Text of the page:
Chapter 2 Themes and Colors Key LitCharts assigns a color and icon to each theme in Mountains Beyond Mountains, which you can use to track the themes throughout the work.
Its origin goes back to the time when Chinese civilization began to emerge. Daoist culture has long permeated the everyday life of ordinary Chinese people since it exerted great influences on social customs and national consciousness.
Today, as a major religion in China, there are more than 1, temples and more than 25, Daoist priests of the Quanzhen and the Zhengyi Sect, though the number of ordinary believers is impossible to assess.
The highest ideal of a Taoist is to acquire immortality. To achieve this goal, one must practice Taoism both inside and outside one's physical existence. Inner practice involves physical and breathing exercises, concentrated contemplation, and the taking of elixirs.
Later, this type of practice gradually came down to refining the interior elixirs neidan. The basic principle of this practice is still to cultivate the self both spiritually and physically. External practice involves doing good deeds and helping others. The functioning of the Tao in a particular existence is called the virtue or the obtainment of Tao.
Tao is also referred to as One, Non-Being since there is really no name for Tao.
Tao is beyond words. Words are part of our world but Tao is not. We can intuit Tao but we cannot describe it.
Tao is also the law every existence has to follow. It is the underlying, ordering, structuring force prevailing in everything and every space in the universe.
Man is the only known creature that can depart from Tao. Chinese people usually visited their temples to worship but did not officially join any of those religions.
They could go to a Buddhist temple one day, and a Taoist temple next day. Taoism as a religion showed some striking features in Chinese history: The fundamental belief of Taoist religion is that you do not have to die physically, which is essentially what behind modern medicine and science.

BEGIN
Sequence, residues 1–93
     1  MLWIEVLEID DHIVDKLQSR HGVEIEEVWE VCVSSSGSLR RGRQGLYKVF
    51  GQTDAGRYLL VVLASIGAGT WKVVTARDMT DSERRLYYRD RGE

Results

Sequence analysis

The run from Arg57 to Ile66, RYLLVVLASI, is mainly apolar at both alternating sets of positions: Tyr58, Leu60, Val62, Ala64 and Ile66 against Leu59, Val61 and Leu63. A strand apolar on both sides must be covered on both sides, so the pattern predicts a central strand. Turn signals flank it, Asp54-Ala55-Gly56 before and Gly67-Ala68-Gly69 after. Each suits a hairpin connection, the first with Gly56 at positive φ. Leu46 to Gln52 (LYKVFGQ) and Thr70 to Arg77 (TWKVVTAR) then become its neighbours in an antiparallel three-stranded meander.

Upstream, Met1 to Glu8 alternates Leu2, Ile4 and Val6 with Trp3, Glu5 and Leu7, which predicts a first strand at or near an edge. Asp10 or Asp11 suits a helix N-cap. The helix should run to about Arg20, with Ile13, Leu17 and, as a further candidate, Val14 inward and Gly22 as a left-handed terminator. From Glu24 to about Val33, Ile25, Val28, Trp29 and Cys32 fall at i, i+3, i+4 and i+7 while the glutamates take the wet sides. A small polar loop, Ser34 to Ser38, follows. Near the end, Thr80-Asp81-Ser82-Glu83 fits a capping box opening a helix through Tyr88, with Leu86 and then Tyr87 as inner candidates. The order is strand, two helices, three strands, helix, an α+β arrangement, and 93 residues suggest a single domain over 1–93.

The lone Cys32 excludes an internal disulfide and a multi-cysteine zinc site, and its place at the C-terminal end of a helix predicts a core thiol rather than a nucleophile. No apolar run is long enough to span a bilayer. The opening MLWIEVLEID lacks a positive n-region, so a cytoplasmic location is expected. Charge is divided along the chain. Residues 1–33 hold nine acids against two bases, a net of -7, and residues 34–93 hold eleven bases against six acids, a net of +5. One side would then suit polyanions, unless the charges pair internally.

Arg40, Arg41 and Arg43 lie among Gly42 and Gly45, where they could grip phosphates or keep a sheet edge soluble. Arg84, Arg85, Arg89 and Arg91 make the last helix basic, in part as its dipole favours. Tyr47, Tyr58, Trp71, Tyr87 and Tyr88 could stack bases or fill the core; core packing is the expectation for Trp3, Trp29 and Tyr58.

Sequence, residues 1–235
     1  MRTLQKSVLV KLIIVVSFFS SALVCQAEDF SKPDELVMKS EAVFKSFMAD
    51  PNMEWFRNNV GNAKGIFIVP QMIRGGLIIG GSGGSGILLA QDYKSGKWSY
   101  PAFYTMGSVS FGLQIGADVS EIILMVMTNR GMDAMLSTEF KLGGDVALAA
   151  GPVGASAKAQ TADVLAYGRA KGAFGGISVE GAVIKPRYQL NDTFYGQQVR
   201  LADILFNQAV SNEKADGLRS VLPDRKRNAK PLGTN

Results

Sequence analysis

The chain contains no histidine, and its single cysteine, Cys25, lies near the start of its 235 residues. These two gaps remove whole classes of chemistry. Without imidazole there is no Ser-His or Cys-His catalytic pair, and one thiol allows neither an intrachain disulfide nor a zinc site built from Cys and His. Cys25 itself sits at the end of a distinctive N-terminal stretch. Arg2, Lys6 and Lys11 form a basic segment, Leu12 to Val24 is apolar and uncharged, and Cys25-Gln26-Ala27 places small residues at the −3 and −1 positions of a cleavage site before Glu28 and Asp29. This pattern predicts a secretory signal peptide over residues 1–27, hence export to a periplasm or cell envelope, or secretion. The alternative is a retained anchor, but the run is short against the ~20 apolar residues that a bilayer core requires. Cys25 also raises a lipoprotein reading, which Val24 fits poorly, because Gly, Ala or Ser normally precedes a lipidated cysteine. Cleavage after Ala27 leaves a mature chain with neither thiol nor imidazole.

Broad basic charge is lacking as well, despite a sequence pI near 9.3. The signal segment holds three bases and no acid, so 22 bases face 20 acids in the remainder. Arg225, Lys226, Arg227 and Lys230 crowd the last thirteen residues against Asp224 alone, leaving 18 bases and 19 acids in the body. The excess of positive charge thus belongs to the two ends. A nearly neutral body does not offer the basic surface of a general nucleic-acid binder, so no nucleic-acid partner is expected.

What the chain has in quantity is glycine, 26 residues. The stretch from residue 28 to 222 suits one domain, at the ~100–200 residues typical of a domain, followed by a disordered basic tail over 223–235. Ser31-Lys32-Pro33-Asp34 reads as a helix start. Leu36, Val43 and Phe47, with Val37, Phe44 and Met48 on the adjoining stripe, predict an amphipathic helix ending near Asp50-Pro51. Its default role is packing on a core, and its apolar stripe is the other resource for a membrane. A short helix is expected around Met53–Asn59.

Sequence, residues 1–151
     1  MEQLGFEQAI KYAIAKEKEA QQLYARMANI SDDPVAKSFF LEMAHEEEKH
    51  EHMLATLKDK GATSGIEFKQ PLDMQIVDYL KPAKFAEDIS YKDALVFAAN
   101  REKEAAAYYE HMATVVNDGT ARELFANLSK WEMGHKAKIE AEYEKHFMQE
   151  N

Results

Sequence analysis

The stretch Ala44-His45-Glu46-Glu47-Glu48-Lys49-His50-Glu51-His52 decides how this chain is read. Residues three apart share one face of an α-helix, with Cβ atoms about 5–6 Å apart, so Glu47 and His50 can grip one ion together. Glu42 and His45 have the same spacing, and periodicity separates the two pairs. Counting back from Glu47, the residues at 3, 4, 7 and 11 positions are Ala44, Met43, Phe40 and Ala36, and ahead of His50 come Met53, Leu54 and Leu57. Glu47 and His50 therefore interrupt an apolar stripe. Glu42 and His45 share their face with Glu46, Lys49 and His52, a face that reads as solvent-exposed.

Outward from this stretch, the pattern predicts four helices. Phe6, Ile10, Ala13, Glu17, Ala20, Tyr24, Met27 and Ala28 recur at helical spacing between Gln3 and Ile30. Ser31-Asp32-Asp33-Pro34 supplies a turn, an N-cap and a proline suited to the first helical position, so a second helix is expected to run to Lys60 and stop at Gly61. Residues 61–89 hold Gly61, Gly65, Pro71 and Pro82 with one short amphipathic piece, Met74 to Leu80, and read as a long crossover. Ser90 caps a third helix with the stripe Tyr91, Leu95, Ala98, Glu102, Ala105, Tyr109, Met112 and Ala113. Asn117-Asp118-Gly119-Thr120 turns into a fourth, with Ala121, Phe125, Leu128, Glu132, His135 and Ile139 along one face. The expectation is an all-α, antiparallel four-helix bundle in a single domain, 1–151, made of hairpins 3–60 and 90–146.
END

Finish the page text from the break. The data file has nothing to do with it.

Taoist religion is based on the ancient Taoist philosophy, which was famous for its atheistic view against Mohism and Confucianism during the Axial Age BCE.
The birth of Taoist religion in the second and third centuries was associated with a massive uprising of peasants. One of the major parts of religious practice of Taoism is sex. After Buddhism entered China, the hybridization of Buddhism and Taoism produced a more secular and practical form of Buddhism, Chan or Zen, which is well known in the West.
They only used the word gods occasionally in a casual manner. The Taoist religion that developed later introduced a large number of deities for worshippers, though some of those deities came from folk cults and Chinese traditions.
Those deities were organised in a way that reflected the secular history of the Chinese empire. All people under heaven obeyed him willingly.
Unlike in the West, religion shared power with the monarchy, Chinese rulers used religions to control their people. Chinese emperors had the power to close down any religions and, in fact, both Buddhism and Taoism were banned sometimes but released later.
Christianity was established in China during the Tang dynasty but vanished later because of an official ban from the empress. Under such political circumstances it was understandable that the Taoist religion introduced deities to attract believers and please the emperor.
Without those deities, Taoism as a religion might not have been able to survive to today. The next level is the Jade Emperor. There are disagreements regarding the proper composition of this pantheon. Popular Taoism typically presents the Jade Emperor as the official head deity.
Chinese medicine considers the patient as a whole while Western medicine considers the disease only. Chinese medicine sees the lack of harmony with nature as a major reason why disorders develop.
Excess pleasure will weaken or damage our health. The Taoist theories of yin yang and the five elements are the fundamental theories of Chinese medicine.Custom "Mountains beyond Mountains" Essay The title of the book is a metaphor explaining how one can be having a challenge yet more challenges yet to come.
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